Real Estate Professional Status Under IRS Attack
© 2008 Diane Kennedy, CPA/Tax Strategist
The Real Estate Professional status has been a great loophole and, actually still is, if you follow the rules. But the IRS has found a few people who were taking advantage of the rules and so they’re on the hunt for anyone using this designation.
Here’s what the rules were three years ago: If you made under $100,000 adjusted gross income, you can deduct $25,000 in real estate losses. If you make over $150,000, you can’t deduct anything. In between, the deductible amount phases out. The exception is if you’re a real estate professional. Thousands of people then took the steps to legally qualify as a real estate professional. And now, it looks like the IRS is challenging that definition.
A primary target is the real estate agent herself. One of our USTaxAid/TaxLoopholes community members reports that he’s currently under audit for taking the real estate professional deduction on his joint return. His wife is a real estate agent, does not have any other job and reports the commissions she receives through her legitimate business. Because she claimed the real estate professional status, they then took 100% of their real estate losses against their other income.
The IRS auditor has taken the position during the audit that because one of the requirements is that she is “brokering” deals, she isn’t qualified because she’s not a licensed broker.
Apparently there have been a few cases of IRS auditors in California taking this position. I know of two cases that are planning to fight it in Tax Court. If they win, we’ll have a precedent that might stop the IRS tactics. But, if they lose, everyone who has claimed the Real Estate Professional loophole based on being a real estate agent needs to be prepared for an audit.
The timing for this aggressive IRS audit crackdown couldn’t be worse. At a time of dropping home values, tightened credit and a general malaise in the housing market, an aggressive IRS audit specifically targetting the people who are suffering the most in this economic time can’t be good for anyone. But the IRS has their job too and that’s to raise tax revenue.
One more horror story from my USTaxAid/TaxLoopholes forum:
“We just got hammered by the new IRS restrictions for being a Real Estate Professional. The IRS has just finished an audit for my wife and me for the 2004,2005,2006 tax years. We have several rental properties in Missouri. We have been using a CPA as a tax advisor over the last several years. I have felt that he is well qualified with real estate business in order to to help us understand and document the activities that would qualify my wife as a real estate professional. I have a full time job, and we had declared my wife to be a real estate professional. This was her only occupation. Since our joint income has been more than $150,000, we believed that having her qualify as a Real Estate Professional would enable us to take depreciation and other passive losses every year as they have occurred on our rental properties. However, as a result of the audit, the IRS has decided to disqualify her as a Real Estate Professional.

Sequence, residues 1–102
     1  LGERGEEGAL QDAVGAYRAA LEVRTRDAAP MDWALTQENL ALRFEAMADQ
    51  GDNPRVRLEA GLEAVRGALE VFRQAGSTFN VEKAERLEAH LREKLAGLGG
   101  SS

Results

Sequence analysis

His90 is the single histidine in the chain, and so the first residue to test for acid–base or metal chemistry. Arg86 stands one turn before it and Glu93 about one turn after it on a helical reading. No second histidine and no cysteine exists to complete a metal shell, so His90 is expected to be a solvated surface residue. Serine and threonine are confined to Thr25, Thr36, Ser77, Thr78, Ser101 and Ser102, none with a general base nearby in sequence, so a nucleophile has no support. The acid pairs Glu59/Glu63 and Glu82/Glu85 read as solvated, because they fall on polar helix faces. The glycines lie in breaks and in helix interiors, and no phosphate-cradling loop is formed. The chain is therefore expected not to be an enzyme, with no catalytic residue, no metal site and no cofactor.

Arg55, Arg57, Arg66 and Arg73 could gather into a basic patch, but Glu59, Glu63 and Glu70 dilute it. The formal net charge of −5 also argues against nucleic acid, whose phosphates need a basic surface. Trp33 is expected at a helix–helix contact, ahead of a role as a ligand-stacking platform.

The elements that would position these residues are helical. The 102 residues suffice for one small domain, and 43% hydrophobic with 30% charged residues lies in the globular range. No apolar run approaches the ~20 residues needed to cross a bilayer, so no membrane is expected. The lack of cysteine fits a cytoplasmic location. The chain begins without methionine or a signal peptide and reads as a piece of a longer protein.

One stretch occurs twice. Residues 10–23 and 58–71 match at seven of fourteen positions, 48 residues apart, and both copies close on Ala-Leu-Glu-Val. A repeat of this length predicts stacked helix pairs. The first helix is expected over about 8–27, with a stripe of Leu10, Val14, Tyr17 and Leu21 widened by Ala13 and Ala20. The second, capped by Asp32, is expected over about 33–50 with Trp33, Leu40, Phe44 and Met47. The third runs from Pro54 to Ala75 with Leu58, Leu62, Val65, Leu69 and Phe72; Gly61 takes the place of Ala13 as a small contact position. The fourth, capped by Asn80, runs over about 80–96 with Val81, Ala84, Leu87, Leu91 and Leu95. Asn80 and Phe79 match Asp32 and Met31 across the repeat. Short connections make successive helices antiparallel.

According to the IRS audit team (yes, more than one auditor was involved), over the last three years, the IRS has been researching the topic of Real Estate Professional for quite a while and there is now a very detailed internal IRS publication used by auditors to determine Real Estate Professional status and has now very detailed information about what activities qualify as valid activities for a Real Estate Professional. The IRS audit team used these new standards to review every hour of activity that my wife documented for each year as a Real Estate Professional. It is my perspective that the IRS is really getting on the warpath about Real Estate Professional status. We were very diligent in keeping track of my wife’s activities, recording on a daily calendar every activity that she did in support of our real estate LLC. The IRS went through this diary very carefully, and, according to their new Real Estate Professional guidelines, disallowed many of her hours. They disallowed enough hours so that she no longer had 750 hours of qualified activities each year. As a result, many of our passive losses in each tax year were disallowed.
Some of the activities that were disallowed were:
1. Researching the market for new properties (!!!)
2. Overseeing repairs done by a contracting company.
3. For those properties where we used a property management company, any coordination with the property management company was not an allowable activity.
The activities that were now categorized as unqualified activities have really surprised both our CPA and us, especially that you could not include hours that were spent in search of new real estate investments.
The final ruling of the audit expressly said that in order to qualify for Real Estate Professional status, that someone needed to put in 750 hours in directly and actively managing and maintaining their own properties and tenants, and that it did not include hours spent in working through a property management company. In my opinion, these new standards for qualified activities of a Real Estate Professional means that a Real Estate Professional would have to own quite a few properties. Now, we will be able to claim most of our passive losses for a property in the tax year that we sell that property. However, In the meantime, we had to pay tens of thousands of dollars in back taxes, interest, and penalties for the tax years of 2004-2006.”
Tags: Diane Kennedy • irs • loopholes • real estate